The Triumph America arrives for this shootout recently revamped in the 2011 model year. The British marque revised its entry-level cruiser for friendlier ergonomics, moving the handlebars and foot controls toward the rider, as well as hacking more than an inch off its seat height -lowering it to 27.1 inches. It’s a revision that should serve well toward catering to the growing women’s market.
The America is the first British riding experience for most of our test riders and the only Parallel Twin in the lineup. Like the Sportster, the 865cc Triumph Twin is air-cooled. But when it comes to power, the Triumph America secures the top spot in engine performance, horsepower, torque and quarter-mile acceleration.
As soon as I got on it, I knew this was a machine like nothing I have ever ridden. My smile broadened as I figured out what the powerplant is all about. The Triumph is a torque monster and it is fun to goose it time and time again, just to feel it accelerate. The best way I could describe the America’s engine is that it feels like a mechanic went through and used a microscope to check the precise location of all the moving engine parts. I kept thinking, “this is like a precision-built Swiss Army knife motorcycle.” It sounds tight and felt perfectly tuned.
The Triumph America’s Parallel Twin impressed test riders, sweeping perfect 10s in Engine Performance scorecards.
Out of nine subjective categories, the Triumph’s motor is the only recipient of perfect 10s across the board. It is also one of two scores (out of 36) where every single test rider gave it the same score.
Jody puts it best: “The Triumph simply outruns and out powers the rest.”
One speedy rider who will remain nameless at this juncture says, “I was doing 80 mph on the freeway and I still had plenty of reserve power.”
Tania concurs with the high-flying claims, promising that, “keeping up with the bigger displacement bikes won’t be a problem on the Triumph.”
The Triumph registers as the quietest bike, which left some riders disappointed that its bark does not match its powerful bite. “It’s a fat monster cruiser, but the attitude disappeared as soon as you turned it over,” confirms Jody.
“With a bike that has the best power output in the group, I expected the sound to be comparable. I would think Triumph riders would be stoked if their bikes sounded more in tune with the power this bike cranks out!” adds Vickie.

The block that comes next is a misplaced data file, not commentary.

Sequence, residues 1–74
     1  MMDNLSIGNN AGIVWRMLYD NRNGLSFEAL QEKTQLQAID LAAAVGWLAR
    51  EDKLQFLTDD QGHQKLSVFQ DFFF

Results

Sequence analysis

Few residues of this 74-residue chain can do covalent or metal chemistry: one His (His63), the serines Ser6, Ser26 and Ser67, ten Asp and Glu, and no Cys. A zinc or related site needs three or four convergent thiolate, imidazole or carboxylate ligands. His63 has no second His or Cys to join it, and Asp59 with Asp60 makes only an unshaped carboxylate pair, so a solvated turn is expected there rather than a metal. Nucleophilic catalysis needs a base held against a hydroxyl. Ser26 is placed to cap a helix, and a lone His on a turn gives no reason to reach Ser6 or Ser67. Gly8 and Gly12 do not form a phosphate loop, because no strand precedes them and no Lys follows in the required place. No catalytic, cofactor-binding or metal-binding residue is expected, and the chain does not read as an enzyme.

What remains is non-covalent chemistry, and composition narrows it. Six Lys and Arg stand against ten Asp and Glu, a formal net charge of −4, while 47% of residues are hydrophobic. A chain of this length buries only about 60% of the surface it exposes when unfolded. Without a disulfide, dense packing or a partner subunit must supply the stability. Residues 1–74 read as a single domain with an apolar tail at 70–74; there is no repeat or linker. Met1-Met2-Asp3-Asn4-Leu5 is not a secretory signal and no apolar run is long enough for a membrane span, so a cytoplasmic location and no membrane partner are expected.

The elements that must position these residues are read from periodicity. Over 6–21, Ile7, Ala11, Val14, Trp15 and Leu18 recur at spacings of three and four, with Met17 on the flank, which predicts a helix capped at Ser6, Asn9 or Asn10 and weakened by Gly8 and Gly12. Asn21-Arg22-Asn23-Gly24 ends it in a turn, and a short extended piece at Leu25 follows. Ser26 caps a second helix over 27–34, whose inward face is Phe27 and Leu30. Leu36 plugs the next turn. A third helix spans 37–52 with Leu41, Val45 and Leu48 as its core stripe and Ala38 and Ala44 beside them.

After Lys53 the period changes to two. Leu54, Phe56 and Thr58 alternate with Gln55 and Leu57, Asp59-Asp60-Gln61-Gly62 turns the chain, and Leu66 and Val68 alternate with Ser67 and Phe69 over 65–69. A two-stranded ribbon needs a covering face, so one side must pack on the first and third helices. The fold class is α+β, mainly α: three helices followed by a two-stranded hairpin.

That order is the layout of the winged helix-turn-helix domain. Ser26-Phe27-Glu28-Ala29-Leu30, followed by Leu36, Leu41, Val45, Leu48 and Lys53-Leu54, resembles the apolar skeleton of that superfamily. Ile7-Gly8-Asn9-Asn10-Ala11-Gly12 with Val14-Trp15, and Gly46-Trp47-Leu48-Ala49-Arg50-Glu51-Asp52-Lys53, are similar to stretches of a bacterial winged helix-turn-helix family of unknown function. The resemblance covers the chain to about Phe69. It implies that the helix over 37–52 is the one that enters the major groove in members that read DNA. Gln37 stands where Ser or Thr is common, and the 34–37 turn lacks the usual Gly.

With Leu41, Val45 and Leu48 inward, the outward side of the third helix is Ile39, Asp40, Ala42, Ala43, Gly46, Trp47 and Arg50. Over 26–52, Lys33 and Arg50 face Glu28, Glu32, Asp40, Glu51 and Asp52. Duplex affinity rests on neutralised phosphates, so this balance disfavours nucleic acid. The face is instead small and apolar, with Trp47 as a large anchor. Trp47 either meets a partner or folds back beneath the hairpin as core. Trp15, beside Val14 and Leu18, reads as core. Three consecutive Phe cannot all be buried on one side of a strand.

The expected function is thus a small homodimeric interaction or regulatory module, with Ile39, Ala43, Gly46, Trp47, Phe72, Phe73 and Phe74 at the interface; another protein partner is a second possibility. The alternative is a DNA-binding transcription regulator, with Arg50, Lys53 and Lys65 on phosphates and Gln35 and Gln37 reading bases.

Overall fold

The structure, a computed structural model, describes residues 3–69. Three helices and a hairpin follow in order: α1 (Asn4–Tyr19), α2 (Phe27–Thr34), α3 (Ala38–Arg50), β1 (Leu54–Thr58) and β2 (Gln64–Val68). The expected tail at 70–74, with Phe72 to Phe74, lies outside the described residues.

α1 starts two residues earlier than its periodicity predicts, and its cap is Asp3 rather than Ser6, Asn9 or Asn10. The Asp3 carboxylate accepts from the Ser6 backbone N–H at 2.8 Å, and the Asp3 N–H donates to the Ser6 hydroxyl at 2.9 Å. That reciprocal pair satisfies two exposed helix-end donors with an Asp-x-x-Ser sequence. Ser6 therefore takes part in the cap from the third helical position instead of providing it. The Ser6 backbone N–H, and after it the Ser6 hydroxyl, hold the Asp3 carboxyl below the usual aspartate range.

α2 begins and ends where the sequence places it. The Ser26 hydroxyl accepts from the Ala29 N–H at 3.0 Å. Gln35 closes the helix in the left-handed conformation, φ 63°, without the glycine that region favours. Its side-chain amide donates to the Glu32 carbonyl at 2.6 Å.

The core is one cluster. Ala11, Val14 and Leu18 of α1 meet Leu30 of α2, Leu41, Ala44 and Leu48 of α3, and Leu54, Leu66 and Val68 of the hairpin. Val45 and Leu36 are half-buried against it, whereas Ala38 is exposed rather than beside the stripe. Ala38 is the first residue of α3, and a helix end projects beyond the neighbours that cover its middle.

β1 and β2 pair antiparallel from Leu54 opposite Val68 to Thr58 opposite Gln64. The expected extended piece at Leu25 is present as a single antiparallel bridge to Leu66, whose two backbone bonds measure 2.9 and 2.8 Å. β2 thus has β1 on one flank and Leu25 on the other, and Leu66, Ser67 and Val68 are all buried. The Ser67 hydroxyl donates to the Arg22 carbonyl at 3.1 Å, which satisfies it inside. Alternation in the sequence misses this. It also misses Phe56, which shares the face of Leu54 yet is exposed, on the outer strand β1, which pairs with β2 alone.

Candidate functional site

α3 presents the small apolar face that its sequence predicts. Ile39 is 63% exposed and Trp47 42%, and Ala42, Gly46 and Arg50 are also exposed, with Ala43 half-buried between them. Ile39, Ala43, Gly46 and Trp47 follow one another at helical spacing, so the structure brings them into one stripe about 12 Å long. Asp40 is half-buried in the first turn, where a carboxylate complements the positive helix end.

Test riders enjoy the Triumph’s smooth transmission when shifting up or down. A couple of the riders did notice some fueling oddities, as the bike slightly lurches when the throttle was released momentarily. “It was still very pronounced in the higher gears where you might expect it to be less noticeable,” explains Vickie.
I did not notice this characteristic; maybe because I have ridden a ton of Japanese sportbikes that are designed to part your hair when you take off. I’m not sure why I didn’t feel it. The bottom line is that I think this bike wants to be ridden hard. If you like smooth and easy take-offs, keep shopping. This bike has a lot of ponies under the hood, more than 13 over the least powerful model in our group, and that I could appreciate.
Some testerst didn’t prefer the 2012 Triumph America’s stiff suspension, but the seat was comfortable and supportive and both the front and back brakes got the job done.
There are mixed scores for the Triumph and how it handled. It’s great on the hills and winding roads, with predictable steering and no surprises. The stiff suspension, especially at higher freeway speeds, is not preferred by some of our testers.
The brakes on the Triumph are plenty adequate “providing the power necessary to dissipate the higher energy required to stop a heavier bike,” shares one seasoned pilot. “I enjoyed the predictable response to both the front and rear brakes,” she continues.
When it comes to comfort, everyone agrees on the “comfortable ride, soft and supportive seat, ergonomically sound set-up and controls within reach.” I am especially pleased with the bucket-style feel to the seat which under even the most aggressive acceleration testing, keeps my butt from trying to leave the scene.
“The handlebars have a low and back bend which compliments the whole feel and ride of the motorcycle,” Tania explains.
Sarah says the Triumph feels like it is the tallest bike, and definitely has the highest center of gravity. The riding position is comfortable, with the seat not too wide.
When it comes to instrumentation and features, all are perplexed by the placement of the various indicator lights on top of the gas tank. None of us could see if the lights were on or off during our day ride. One of these lights is the turn signal indicator. This meant that no matter who was riding the Triumph, the non-cancelling turn signal was likely to be left on.
While the Triumph scores perfect 10s in engine performance, the inability for any of us to see the lights on the control panel during the day translates to the lowest single category score of the day.
I think the ignition key is located in a strange place. It seemed to be hidden from me under my left leg, every time I looked for it.
And speaking of looks, the Triumph gets kudos for its British lines. “I thought the Triumph was fat, solid and awesome looking. The look of the engine block is cool, too,” says Jody.
“Where as the Vulcan was the chopper, the Triumph looked like the classic car with its bright blue and white paint scheme gleaming next to the bright chrome,” says Sarah.
Vickie thinks the Triumph is a terrific looking bike, especially for those looking for something a bit more imposing. It wouldn’t look out of place next to a row of Harleys and she says she would be proud to park it anywhere during bike week.”
I totally agree with Vickie’s thoughts and hope to have more time with this model before long.